The demands of work can often leave employees feeling like there isn’t enough time to complete every task — unless they work just a little bit longer.
But Tony Schwartz, CEO of The Energy Project and author of "Be Excellent at Anything," disagrees. He says we actually get more out of work if we do less.
"When the pressure is very high, what we tend to do is hunker down and stay the course and burn the midnight oil," he said.
In the age of endless technology, instead of being more productive, Schwartz says, we work longer, with more distractions
By focusing on a single task, we become more productive and the quality of our work becomes higher, he said. Once technology is added on top of our work, trying to keep up with those devices can be as addictive as cocaine, Schwartz said.
"There's evidence that it's literally addictive, that it has the same pull, the same setting off of dopamine receptors in your brain that increase your desire and are almost impossible to resist when they're on," he said.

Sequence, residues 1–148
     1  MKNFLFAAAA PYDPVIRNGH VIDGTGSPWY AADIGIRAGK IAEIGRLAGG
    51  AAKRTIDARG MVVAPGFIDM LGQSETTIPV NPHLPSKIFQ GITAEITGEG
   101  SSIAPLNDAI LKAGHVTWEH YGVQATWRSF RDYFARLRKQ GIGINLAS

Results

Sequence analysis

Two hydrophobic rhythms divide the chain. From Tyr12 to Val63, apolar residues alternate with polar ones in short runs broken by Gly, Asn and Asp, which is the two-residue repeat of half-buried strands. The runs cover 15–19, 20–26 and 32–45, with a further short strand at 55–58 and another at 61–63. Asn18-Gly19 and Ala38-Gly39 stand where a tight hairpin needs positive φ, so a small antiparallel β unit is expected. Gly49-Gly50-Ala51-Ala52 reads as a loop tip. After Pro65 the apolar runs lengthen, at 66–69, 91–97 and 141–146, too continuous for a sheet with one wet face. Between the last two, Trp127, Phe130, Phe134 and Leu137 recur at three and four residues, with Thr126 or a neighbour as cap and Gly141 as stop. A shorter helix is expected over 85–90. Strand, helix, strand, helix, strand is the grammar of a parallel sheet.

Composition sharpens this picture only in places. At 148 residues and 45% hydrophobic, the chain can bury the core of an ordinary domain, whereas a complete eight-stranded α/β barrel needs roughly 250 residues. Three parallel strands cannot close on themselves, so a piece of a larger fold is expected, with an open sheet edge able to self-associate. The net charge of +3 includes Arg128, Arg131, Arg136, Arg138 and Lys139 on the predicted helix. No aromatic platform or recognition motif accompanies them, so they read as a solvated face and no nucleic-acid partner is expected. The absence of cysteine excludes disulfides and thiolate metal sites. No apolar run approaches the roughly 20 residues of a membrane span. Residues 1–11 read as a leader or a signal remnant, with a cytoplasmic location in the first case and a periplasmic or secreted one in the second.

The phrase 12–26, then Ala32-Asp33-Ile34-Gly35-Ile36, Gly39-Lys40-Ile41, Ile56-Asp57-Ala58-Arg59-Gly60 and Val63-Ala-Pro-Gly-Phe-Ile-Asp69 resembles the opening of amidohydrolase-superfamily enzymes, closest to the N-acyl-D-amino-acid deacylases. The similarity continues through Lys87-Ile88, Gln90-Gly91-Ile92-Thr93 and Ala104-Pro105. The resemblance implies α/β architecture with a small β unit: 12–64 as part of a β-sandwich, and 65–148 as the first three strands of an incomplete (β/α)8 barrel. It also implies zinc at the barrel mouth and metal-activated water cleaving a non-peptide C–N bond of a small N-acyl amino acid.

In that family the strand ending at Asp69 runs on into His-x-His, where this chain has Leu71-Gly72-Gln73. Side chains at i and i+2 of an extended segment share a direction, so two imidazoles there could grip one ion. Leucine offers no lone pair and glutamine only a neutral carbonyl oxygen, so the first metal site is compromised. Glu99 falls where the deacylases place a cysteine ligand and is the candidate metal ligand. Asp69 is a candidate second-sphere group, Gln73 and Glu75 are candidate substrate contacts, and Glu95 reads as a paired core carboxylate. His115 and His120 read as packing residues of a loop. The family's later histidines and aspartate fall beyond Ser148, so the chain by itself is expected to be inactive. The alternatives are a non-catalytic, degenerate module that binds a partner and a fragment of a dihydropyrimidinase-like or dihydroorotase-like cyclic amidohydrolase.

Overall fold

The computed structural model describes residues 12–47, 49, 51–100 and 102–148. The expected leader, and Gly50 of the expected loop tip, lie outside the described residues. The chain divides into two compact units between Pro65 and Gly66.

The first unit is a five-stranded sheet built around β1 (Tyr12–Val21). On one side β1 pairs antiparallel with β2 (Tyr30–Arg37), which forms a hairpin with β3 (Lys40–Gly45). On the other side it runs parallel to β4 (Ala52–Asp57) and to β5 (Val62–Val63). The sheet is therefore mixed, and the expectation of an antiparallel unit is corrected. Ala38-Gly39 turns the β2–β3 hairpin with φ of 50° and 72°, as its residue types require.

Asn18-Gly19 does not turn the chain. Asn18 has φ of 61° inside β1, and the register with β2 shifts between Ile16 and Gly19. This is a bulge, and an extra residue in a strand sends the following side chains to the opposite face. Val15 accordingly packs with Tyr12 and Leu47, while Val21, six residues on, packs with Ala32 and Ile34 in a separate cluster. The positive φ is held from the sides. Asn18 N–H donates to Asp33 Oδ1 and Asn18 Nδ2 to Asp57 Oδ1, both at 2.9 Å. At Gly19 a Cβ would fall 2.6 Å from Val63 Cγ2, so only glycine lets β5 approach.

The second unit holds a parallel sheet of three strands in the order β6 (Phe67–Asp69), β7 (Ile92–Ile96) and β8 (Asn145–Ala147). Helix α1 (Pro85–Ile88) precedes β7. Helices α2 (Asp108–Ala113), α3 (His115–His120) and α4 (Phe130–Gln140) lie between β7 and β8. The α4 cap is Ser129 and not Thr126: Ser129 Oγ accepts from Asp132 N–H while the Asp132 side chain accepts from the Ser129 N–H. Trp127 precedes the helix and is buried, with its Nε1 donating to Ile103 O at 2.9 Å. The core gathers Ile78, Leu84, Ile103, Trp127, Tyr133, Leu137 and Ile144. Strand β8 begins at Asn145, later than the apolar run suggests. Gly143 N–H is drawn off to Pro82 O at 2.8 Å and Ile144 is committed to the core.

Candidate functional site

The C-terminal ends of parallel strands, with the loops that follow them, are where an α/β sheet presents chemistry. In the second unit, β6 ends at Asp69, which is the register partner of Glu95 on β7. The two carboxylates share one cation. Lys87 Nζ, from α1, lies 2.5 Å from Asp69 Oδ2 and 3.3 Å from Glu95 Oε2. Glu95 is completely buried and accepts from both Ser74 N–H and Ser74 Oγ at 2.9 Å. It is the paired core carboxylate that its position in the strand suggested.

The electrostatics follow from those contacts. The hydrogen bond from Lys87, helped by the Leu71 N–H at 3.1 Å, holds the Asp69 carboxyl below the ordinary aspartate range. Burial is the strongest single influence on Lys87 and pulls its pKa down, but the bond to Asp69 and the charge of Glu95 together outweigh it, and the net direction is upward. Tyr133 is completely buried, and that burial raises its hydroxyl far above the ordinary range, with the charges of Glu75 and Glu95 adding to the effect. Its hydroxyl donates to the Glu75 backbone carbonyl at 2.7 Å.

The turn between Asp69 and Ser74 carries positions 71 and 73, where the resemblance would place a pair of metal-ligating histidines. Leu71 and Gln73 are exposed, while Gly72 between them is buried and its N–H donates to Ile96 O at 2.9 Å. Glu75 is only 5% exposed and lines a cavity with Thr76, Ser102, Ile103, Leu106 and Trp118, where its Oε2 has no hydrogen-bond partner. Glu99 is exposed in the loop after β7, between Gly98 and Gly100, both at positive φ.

Turning off devices like smart phones allows you to be in control of your attention and complete the important tasks at hand, he argues.
To eliminate distractions in the workplace, Schwartz says, organizations need to rethink their investments in their employees by recognizing what the organization's goals are.
"It's far better to invest in meeting their needs," he said. "One of the most fundamental of which is intermittent renewal — providing the support for people to take breaks; setting defined email hours, beyond which you don't have to respond, limiting the length of meetings, all of those things are aspects of what makes a workplace more livable and more sustainable."
Managers, executives, and leaders need to realize that the "more, bigger, faster" mindset isn't better, Schwartz says, and in order to improve productivity and increase the quality of work, changes can be made.